Do schools destroy creativity and create ADHD?

A few weeks ago I stumbled upon a great RSA Animated ¬†film about incentives and the surprising truth about what really motivates us. Today I saw an interview with Sir Ken Robinson where he talked about how the educational system is killing creativity and creating an “ADHD epidemic”. Turns out the people from RSA did another great animate featuring Ken Robinson that is also absolutely worth watching.

The current educational system was designed during the industrial revolution and is basically organized as a factory, where the students are treated like products. They are grouped in batches by age (manufacturing year) as if the most important thing kids have in common is how old they are. This factory setup might be a great way to accomplish uniformity, but is it the best way to nurture creativity and individual thinking?

Regarding ADHD. It seems almost every day you hear about celebrities or people around you that are diagnosed or suspected of having ADHD. It feels almost like an epidemic. We live in the most information and stimulus intense period in the history of the earth. At the same time, when kids are distracted by all these things and not being able to focus, we feel they need to be treated. The educational system is designed like a factory line and then penalising children for not being able to focus on things they are not actually interested in. Ken Robinson claims that instead of encouraging and fertilizing their individual talent, we conform them and kill their natural creativity. So perhaps ADHD is less of a discese and more a personal trait that is regarded as a discese because people are expected to behave in a certain way?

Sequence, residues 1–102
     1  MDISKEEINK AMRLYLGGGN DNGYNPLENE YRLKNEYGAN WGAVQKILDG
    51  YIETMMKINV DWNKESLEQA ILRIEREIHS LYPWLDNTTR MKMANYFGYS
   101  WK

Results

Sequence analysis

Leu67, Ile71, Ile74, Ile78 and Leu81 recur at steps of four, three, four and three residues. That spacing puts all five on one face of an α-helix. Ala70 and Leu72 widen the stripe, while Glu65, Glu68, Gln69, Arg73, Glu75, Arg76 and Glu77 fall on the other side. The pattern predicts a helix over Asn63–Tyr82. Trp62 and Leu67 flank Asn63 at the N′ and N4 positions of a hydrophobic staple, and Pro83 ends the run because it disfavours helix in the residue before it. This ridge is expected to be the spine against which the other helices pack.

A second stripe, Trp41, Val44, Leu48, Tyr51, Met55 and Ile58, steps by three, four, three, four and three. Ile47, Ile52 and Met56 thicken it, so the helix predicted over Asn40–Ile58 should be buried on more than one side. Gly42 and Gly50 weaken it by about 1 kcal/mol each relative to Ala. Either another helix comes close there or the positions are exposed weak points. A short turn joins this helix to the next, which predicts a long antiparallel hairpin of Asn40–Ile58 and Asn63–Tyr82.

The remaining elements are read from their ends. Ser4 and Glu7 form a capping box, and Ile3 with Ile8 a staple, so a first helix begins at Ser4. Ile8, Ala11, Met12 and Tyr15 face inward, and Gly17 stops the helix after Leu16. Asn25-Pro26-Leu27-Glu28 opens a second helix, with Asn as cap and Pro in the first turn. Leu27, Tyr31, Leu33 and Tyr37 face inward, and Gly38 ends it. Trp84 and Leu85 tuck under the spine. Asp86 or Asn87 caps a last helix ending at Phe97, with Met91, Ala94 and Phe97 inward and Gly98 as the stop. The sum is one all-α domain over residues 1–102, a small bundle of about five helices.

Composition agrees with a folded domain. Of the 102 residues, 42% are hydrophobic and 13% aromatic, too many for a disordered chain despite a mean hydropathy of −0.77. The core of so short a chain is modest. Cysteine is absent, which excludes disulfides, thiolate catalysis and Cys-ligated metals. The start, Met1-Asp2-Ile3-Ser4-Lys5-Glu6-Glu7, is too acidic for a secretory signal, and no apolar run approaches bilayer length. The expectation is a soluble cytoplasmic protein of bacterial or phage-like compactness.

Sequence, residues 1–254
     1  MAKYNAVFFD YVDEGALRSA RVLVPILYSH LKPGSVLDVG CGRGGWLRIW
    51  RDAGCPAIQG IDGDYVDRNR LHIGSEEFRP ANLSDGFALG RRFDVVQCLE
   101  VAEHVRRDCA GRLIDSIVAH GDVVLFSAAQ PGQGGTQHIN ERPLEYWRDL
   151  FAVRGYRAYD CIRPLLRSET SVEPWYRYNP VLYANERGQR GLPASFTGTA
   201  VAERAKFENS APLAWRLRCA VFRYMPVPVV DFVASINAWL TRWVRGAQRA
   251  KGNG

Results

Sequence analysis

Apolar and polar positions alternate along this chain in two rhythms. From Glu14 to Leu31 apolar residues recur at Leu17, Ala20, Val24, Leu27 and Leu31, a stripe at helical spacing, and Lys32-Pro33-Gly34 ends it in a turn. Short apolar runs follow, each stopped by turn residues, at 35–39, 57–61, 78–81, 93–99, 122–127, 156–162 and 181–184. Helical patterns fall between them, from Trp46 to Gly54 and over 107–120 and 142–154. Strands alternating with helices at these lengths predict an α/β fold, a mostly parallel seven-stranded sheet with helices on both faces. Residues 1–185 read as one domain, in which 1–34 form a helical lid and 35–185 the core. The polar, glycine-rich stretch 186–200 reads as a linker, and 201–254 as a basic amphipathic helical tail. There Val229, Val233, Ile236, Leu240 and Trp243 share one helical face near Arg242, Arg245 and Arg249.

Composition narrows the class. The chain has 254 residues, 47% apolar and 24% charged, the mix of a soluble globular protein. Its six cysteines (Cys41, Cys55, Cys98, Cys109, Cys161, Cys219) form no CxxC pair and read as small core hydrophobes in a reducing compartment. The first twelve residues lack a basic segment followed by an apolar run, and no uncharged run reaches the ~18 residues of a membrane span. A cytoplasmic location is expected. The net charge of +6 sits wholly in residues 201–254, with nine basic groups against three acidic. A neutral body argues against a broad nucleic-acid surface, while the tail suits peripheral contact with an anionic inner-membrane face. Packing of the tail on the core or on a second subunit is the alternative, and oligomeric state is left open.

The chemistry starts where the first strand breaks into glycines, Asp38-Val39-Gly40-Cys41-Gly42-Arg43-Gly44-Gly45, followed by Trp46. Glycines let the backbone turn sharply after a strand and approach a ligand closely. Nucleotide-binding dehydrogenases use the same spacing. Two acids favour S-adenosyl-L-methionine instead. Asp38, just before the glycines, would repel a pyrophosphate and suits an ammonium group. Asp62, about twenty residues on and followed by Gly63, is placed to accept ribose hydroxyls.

Of course, kids need to be taught the fundamentals or reading, writing, math etc. Education must also expose them to a wide range of fields that stimulate interest and curiosity, not only letting them do what they think is fun. But Ken Robinson has a very good point about changing the educational paradigm from a factory that tries to produce identical products with the lowest margin of “error” into something that better stimulates creativity, diversity and divergent thinking.

This is also true for employers by the way. The constant information and email overflow and the mandation of strong and strict corporate culture could probably have the same effect on creativity and attention deficit hyperactivity disorder.